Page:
Book Review - Information Dashboard Design by Stephen Few
One of the system architecture ideas that has waxed and waned over the years is the concept of an Information Dashboard... a single screen of data that summarizes key data points for quick monitoring by executives. But just throwing a few graphs on the web page isn't necessarily the right thing to do. Stephen Few covers the subject of dashboard design in his book Information Dashboard Design : The Effective Visual Communication of Data.
Contents: Clarifying the Vision; Variations in Dashboard Uses and Data; Thirteen Common Mistakes in Dashboard Design; Tapping Into the Power of Visual Perception; Eloquence Through Simplicity; Effective Dashboard Display Media; Designing Dashboards for Usability; Putting it All Together; Appendix; Index
For someone like me (not a whiz when it comes to graphic design) to really like a book of this nature is saying something. I actually understood everything he was writing, and I didn't think this was some self-serving "listen to me because I'm an expert" volume. The book is printed on heavy paper stock and full color, so the examples don't lose any impact in the normal translation to black and white. Lavishly illustrated with examples both good and bad, it's easy to see why some things work and some don't. Even designs that I thought "looked" professional had significant drawbacks. For instance, colors should represent the same thing throughout the page. Don't make a pie chart with a red slice if you want red to represent a danger indicator somewhere else on the screen. Minimize the non-data pixels so the eyes don't have to work at interpreting data from "fluff" (like graph lines). And when you're choosing graphing formats, make sure you choose ones which are relevant to the data being displayed. Don't choose a pie chart when a bar graph makes an easier comparison. He even goes into color choices and how they cause the mind and eye to group things on the page. Normally I'd be reading material like this with a "says you!" attitude, but there wasn't a single instance where I thought he was pushing his own preferences instead of something that actually made sense and had some research behind it. I actually found myself thinking about some of my own application designs based on the material presented, as well as how I need to change a few things along the way.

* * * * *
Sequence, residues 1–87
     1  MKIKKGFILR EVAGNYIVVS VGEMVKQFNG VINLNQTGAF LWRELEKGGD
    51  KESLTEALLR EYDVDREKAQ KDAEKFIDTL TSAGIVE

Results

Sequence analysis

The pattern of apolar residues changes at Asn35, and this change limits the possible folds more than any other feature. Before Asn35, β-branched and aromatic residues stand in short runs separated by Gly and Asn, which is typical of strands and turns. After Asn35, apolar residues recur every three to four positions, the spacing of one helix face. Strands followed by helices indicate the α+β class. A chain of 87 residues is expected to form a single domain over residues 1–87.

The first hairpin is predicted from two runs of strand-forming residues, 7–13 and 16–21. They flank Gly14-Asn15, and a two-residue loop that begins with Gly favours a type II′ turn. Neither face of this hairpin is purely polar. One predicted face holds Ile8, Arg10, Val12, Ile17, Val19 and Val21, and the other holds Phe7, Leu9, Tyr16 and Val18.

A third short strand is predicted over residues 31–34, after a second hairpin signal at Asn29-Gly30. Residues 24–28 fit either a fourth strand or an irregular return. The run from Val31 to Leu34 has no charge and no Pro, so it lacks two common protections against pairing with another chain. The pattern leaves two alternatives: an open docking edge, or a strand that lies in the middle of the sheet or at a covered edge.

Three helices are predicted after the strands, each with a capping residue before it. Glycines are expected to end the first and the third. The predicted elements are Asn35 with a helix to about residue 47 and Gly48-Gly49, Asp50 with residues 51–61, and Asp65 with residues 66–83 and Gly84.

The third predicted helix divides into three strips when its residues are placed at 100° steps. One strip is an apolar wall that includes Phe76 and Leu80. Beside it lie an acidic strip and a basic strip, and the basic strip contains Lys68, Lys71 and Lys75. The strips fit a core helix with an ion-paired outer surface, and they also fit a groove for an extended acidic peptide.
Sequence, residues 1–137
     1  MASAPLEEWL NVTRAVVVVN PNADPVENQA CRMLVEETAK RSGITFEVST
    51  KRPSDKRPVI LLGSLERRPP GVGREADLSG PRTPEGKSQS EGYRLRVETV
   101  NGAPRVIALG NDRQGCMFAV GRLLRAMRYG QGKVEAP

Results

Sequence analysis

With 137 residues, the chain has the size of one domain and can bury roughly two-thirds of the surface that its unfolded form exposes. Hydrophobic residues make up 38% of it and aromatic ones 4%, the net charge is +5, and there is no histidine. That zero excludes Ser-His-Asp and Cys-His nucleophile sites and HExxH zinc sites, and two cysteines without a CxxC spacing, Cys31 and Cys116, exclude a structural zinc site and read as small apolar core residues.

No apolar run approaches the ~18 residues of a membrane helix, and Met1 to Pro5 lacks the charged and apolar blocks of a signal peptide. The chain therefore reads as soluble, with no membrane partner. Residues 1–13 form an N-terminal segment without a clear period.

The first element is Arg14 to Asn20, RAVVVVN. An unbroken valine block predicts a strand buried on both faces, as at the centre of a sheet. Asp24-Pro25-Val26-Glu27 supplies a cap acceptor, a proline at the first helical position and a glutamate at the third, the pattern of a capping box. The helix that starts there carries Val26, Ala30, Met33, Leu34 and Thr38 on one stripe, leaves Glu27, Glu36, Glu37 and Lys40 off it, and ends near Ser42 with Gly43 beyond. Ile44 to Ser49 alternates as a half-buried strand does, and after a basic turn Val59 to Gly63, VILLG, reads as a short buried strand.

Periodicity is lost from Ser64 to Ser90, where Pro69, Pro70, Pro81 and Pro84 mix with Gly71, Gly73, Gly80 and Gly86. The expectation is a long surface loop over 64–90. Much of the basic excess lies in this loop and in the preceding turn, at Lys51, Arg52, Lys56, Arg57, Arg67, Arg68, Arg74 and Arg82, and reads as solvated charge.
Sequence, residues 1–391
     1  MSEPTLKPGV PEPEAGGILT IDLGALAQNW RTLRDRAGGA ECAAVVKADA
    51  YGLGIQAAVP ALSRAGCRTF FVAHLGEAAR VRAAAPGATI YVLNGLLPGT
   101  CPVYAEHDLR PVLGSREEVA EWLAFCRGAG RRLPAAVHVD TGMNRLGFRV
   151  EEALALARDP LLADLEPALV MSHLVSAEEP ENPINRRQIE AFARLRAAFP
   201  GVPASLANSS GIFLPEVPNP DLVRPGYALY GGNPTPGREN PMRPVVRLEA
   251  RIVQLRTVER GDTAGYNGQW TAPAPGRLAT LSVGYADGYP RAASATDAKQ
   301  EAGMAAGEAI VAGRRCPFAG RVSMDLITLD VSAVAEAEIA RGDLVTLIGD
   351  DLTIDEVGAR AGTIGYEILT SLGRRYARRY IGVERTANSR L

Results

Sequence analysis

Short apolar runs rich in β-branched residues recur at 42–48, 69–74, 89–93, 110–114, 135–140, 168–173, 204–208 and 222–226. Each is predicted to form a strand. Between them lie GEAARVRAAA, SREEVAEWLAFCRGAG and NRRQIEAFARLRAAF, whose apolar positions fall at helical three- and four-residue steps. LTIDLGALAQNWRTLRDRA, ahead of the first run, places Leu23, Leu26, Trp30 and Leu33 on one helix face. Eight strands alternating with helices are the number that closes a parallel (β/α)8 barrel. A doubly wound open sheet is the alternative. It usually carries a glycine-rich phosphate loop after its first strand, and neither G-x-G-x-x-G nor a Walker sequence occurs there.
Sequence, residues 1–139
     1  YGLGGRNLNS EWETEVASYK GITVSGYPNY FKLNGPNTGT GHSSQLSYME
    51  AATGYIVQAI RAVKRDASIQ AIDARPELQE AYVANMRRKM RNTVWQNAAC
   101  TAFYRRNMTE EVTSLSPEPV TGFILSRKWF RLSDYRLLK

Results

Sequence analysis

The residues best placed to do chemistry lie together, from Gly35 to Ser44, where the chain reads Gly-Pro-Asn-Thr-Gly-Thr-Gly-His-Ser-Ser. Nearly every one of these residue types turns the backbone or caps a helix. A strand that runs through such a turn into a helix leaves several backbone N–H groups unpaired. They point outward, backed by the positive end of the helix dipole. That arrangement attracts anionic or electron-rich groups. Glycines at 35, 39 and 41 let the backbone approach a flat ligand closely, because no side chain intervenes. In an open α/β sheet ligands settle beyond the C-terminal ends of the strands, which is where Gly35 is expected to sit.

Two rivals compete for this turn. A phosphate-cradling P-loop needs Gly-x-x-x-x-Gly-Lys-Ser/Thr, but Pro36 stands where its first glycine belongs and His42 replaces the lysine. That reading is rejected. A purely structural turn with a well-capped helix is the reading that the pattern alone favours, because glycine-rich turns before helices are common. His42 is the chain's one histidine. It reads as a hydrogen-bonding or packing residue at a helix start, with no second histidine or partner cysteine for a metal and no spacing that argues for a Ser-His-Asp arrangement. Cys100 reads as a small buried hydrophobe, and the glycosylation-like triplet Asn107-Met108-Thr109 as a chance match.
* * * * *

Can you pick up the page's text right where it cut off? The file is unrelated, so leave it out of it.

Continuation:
If you're not a graphically oriented person (like I'm not), this book is a lifesaver for your design and development efforts. It should remain close at hand as you do your web site design on a daily basis. And even if you *do* know what you're doing, you will likely become a whole lot better at it after reading Information Dashboard Design.